Market analyst Jerry Dryer said he’s optimistic on powder prices. Speaking in Wednes-day’s broadcast, Dryer said powder has been moving higher for two years after hovering close to the government support price of 80 cents.
“They marched steadily higher to a dollar,” he said, “And didn’t really start to waffle until we got into that $1.00 range.” He admits that there may be some softness right now but he doesn’t see prices falling back to support and he expects them to continue to make good contributions to farm milk prices.
He based his prediction on strong international demand for skim milk powder, which he said is what helped move the prices higher in the first place. The U.S price has tended to lag behind the world price, he explained, but “It finally caught up so prices are now at parity and are high enough to temper demand a bit.”
Mexico, which has been a steady U.S. customer, is “temporarily messing around with tariffs between the two countries,” according to Dryer, and “The dollar has flexed its muscle and has strengthened but it’s been a modest strength, so there are some glitches along the way.”
“The nonfat dry milk price is being dictated by supply and demand instead of a government edict,” Dryer said, just as whey, butter, and cheese prices have been for a long time. Nonfat dry milk is “finally playing in the real world,” he said.
The underlying fundamentals do not dictate a collapse, according to Dryer. World demand is strong, economies around the world are picking up steam, and the kind of dairy proteins the U.S. is producing is not just nonfat dry milk, but includes skim milk powder and milk protein concentrate and “They’re in good demand and the world supply just isn’t that abundant. We are one of the reservoirs for dry dairy proteins,” he concluded.
There’s little concern that the U.S. will run out of milk. The USDA’s latest preliminary estimate on production is for December and came in at 13.6 billion pounds, up 4.2 percent from a year ago. December output per cow averaged 1,665 pounds, up 55 from a year ago. Cow numbers totaled 8.16 million, up 4,000 from November and 67,000 above a year ago.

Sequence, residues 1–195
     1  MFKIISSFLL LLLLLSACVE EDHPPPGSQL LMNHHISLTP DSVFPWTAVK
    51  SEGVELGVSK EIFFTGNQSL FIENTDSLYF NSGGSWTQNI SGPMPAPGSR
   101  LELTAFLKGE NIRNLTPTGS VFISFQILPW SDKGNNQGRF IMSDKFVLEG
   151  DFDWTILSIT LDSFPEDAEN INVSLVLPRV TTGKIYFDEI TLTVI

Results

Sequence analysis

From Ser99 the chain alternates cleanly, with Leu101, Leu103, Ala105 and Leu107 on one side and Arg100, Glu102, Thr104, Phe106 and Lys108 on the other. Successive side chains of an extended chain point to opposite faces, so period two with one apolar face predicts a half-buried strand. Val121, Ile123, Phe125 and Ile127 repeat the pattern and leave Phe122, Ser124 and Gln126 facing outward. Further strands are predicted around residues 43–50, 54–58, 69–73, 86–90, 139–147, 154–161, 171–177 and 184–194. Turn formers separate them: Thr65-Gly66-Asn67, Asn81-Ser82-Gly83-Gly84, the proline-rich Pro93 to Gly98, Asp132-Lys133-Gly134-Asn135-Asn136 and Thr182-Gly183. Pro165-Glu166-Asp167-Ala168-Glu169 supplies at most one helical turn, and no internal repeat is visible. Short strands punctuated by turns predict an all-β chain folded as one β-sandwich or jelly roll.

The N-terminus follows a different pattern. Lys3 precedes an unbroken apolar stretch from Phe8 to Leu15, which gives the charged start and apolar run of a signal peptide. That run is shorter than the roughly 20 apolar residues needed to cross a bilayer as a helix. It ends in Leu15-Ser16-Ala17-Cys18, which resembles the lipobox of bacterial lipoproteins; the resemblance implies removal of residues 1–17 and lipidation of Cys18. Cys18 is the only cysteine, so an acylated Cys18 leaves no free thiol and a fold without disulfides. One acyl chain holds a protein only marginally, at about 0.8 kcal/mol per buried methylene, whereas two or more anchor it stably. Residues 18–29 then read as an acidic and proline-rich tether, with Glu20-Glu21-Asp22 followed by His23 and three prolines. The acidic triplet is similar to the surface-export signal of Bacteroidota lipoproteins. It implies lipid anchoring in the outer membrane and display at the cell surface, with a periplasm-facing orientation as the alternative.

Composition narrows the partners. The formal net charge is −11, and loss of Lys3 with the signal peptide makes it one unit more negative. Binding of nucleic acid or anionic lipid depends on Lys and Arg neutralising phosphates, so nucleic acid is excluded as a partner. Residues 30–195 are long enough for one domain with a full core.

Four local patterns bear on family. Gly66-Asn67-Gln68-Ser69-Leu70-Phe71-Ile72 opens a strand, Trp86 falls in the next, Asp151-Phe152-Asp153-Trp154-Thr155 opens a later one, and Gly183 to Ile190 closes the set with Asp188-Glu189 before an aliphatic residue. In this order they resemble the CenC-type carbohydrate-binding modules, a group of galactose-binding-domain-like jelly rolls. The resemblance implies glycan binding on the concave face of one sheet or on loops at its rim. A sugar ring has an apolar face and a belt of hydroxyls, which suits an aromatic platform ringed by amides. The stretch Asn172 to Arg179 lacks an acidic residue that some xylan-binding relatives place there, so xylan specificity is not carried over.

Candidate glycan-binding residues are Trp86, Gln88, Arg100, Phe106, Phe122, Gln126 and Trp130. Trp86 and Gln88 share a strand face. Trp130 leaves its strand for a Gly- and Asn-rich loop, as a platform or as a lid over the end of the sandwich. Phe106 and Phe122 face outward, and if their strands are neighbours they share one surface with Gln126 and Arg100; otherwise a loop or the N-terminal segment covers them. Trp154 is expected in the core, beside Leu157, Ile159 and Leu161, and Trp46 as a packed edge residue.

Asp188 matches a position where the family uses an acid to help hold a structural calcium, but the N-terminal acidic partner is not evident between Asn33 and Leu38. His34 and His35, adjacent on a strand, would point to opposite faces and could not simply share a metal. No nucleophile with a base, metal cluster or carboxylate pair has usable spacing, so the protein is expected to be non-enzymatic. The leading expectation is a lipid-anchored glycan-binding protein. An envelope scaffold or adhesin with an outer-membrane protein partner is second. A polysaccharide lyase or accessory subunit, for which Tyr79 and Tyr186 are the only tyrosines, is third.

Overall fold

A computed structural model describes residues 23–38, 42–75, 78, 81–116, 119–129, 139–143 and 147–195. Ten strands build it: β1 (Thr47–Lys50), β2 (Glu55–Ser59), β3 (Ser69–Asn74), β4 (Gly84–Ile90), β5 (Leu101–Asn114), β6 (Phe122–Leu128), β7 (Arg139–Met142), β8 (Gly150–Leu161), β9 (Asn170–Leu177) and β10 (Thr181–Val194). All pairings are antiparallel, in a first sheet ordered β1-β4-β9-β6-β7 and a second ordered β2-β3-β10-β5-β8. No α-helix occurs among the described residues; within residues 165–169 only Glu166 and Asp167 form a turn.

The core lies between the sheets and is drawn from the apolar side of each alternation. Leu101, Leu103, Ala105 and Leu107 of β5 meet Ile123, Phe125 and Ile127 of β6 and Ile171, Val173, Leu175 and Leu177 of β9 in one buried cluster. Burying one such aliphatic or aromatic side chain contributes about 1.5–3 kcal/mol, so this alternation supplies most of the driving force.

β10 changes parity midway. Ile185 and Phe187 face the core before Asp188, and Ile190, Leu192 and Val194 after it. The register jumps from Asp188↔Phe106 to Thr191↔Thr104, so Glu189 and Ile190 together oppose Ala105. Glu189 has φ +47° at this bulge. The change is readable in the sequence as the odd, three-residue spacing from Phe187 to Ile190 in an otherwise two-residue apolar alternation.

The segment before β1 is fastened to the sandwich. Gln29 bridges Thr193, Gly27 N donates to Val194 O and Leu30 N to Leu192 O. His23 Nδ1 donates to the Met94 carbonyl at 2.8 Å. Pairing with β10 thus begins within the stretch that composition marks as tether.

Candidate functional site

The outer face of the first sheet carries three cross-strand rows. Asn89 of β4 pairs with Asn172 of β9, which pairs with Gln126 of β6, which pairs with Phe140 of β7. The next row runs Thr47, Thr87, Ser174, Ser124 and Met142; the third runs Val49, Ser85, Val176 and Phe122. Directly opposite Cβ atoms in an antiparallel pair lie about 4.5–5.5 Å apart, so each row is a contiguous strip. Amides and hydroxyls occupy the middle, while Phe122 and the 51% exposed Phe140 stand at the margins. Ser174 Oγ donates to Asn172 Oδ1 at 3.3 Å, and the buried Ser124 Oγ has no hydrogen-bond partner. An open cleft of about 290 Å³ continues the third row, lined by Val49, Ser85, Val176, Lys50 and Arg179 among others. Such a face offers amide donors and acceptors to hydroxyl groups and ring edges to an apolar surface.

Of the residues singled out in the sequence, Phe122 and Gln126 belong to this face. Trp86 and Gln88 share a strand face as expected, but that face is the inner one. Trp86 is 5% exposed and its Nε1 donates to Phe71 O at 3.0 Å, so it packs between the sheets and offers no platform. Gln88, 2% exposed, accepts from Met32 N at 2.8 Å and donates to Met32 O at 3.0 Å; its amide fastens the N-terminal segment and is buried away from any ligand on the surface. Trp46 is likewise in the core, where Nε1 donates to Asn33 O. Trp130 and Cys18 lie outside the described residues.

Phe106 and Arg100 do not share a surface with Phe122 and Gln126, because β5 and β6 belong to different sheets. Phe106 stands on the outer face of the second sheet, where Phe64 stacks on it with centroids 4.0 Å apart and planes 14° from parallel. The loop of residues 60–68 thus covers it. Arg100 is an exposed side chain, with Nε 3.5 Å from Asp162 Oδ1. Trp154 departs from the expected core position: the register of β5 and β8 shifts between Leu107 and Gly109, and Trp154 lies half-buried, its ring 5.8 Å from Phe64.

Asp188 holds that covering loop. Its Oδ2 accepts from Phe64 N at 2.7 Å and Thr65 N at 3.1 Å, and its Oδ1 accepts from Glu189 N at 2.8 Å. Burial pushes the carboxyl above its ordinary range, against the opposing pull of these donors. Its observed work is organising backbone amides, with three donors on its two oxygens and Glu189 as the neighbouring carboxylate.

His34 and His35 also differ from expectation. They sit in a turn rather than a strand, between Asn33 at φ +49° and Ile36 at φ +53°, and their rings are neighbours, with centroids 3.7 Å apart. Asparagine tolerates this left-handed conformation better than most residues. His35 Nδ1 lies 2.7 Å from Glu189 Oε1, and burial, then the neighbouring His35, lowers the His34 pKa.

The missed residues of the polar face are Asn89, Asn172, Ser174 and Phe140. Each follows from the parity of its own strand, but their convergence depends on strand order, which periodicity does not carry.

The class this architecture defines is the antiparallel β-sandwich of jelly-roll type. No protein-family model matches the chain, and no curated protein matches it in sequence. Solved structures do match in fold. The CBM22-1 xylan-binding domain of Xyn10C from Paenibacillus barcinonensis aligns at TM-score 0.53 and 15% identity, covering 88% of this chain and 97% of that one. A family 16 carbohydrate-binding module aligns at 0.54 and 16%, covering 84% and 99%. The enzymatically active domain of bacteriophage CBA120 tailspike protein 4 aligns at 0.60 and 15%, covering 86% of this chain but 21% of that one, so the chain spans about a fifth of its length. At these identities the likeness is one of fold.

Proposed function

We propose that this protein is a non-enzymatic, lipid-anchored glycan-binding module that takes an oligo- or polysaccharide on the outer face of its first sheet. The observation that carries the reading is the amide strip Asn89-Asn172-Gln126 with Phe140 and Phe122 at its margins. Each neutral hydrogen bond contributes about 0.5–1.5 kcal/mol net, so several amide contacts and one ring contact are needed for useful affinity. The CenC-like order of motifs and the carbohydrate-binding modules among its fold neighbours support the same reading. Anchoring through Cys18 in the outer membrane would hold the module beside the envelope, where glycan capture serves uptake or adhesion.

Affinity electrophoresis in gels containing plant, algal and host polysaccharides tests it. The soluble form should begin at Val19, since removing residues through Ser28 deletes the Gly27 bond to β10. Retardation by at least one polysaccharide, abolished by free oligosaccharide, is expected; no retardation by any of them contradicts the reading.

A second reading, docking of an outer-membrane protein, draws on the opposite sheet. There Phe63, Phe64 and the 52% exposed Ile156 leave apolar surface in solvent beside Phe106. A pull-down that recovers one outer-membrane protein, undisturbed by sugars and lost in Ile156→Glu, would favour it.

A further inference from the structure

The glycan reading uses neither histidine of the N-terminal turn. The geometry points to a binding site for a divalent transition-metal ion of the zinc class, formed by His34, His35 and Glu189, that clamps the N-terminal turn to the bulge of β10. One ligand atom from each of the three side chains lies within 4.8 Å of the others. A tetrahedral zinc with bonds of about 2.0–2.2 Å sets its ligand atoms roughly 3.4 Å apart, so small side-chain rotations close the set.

The CME’s Daily Dairy Report says cow numbers for the 50 states were revised lower for October and November likely reflecting the CWT herd removals.
The CWT however reported removals of 64,069 head, while the USDA reports a net decline of just 11,000 in October and November and an increase of 8,000 in December. The DDR says 2005 cow numbers were up 41,000 from 2004 despite the two CWT slaughter programs. Keep in mind, the USDA’s data is an estimate and revisions in next month’s report may change the picture.
California’s December production was up 2.8 percent, thanks to 29,000 more cows and 20 pounds more per cow. Wisconsin was up 4.6 percent with output per cow up 65 pounds.
New Mexico had the biggest increase, up 13.8 percent, with 18,000 more cows and output per cow up 130 pounds. The biggest decrease was in Florida, down 4.5 percent.
Meanwhile, cash cheese prices showed little reaction to the Milk Production report. Things seem to be in equalibrium, said Al Levitt, editor of the CME’s Daily Dairy Report, in Tuesday’s broadcast, although the butter market remains weak as inventories climb.
Published in the January 25, 2006 issue of Farm World.